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A new epoch in geological history?

Simon answers the Guardian's questions on the Anthropocene

A new epoch in geological history?

In a Guardian podcast on 20th May 2021, Dr Simon Turner (UCL Geography) responded to questions from Anand Jagatia on, ‘Have we entered the Anthropocene – a new epoch in Earth’s history?’

Simon is secretary of the Anthropocene Working Group (AWG), established a decade ago under the auspices of the International Union of Geological Sciences to gather evidence on whether we have entered a new chapter in Earth history, with the ‘Anthropocene’ thus meriting recognition as an official unit of geological time.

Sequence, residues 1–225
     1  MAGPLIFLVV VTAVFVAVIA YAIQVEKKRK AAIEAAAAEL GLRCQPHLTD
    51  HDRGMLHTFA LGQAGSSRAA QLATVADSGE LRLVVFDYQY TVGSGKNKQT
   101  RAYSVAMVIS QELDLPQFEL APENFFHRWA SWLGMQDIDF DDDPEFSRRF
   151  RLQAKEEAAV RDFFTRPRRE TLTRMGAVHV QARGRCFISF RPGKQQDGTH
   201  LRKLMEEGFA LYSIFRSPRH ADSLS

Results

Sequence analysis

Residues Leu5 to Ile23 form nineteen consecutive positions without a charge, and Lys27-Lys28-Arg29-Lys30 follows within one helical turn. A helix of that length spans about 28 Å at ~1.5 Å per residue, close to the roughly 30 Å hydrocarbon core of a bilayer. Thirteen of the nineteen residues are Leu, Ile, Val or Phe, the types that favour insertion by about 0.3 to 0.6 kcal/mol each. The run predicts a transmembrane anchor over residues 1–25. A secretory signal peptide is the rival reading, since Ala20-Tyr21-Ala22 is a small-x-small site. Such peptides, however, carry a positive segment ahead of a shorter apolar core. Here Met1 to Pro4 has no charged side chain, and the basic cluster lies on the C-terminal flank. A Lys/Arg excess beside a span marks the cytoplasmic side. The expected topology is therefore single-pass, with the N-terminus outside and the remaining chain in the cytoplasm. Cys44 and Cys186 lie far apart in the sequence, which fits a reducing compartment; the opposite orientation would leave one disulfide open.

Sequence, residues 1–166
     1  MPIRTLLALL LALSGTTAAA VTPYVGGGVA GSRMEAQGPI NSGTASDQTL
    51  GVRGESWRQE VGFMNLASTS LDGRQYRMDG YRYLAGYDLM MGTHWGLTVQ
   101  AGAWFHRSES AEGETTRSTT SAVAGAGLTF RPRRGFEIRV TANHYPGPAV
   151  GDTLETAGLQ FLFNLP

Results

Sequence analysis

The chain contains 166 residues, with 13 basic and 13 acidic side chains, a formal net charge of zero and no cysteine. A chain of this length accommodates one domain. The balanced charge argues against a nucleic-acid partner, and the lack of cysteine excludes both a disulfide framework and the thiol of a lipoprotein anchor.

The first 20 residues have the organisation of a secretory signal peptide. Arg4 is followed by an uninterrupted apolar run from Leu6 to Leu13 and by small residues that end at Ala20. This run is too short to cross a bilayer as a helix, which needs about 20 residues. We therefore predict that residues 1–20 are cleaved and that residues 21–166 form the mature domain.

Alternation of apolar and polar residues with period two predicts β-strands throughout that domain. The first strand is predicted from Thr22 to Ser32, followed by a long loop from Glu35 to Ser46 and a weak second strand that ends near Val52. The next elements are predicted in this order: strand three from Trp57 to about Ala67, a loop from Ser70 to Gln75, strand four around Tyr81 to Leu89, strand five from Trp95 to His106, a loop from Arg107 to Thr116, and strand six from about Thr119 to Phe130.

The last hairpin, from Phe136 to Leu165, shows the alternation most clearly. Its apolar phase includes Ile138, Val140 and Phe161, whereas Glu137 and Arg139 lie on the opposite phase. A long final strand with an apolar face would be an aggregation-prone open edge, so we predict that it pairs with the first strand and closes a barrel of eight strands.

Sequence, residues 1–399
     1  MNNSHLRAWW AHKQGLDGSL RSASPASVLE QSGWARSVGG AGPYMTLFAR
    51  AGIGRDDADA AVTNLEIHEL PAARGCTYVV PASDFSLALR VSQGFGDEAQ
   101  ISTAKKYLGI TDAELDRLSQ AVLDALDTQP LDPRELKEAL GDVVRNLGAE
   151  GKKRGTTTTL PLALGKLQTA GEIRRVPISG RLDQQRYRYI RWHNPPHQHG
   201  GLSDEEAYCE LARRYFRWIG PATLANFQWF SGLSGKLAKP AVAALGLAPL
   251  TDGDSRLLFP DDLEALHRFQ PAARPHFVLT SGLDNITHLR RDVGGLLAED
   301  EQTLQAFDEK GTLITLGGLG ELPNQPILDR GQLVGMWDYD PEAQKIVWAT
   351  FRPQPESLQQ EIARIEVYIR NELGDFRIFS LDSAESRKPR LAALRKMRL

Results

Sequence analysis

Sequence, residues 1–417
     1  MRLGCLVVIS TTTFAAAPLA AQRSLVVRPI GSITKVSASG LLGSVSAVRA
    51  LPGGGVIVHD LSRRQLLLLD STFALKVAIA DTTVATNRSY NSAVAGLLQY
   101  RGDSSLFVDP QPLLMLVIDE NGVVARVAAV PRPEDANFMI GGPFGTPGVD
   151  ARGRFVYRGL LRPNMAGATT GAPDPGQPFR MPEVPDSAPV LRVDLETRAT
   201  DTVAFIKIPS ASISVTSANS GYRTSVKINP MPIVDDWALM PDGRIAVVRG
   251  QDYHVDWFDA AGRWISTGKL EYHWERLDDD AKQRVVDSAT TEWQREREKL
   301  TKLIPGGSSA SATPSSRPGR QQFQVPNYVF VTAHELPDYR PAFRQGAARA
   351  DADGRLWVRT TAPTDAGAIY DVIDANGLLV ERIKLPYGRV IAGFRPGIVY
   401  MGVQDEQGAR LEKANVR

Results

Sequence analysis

Has human activity become so pervasive during the 20th century as to justify recognising a ‘Global Spike’ marking long lasting global changes and a new epoch? Have humans thus become a geological force, and what are the implications of the scale and pace of change for the fossil record?

The Working Group is focusing on 11 sites globally, collating evidence for change over the last 150 years in diverse sediment successions, including estuaries, lakes, ice cores and the deep sea. UCL Geography (Simon Turner, Neil Rose, Sarah Roberts, Handong Yang) is playing a pivotal role in the research, providing scientific coordination, radionuclide dating and spheroidal carbonaceous particle (SCP) analyses for the sites. The AWG plans to publish its first conclusions in December 2022.


See also:


Radcliffe-on-Soar coal power station, Nottinghamshire: Atmospheric display of fossil fuel power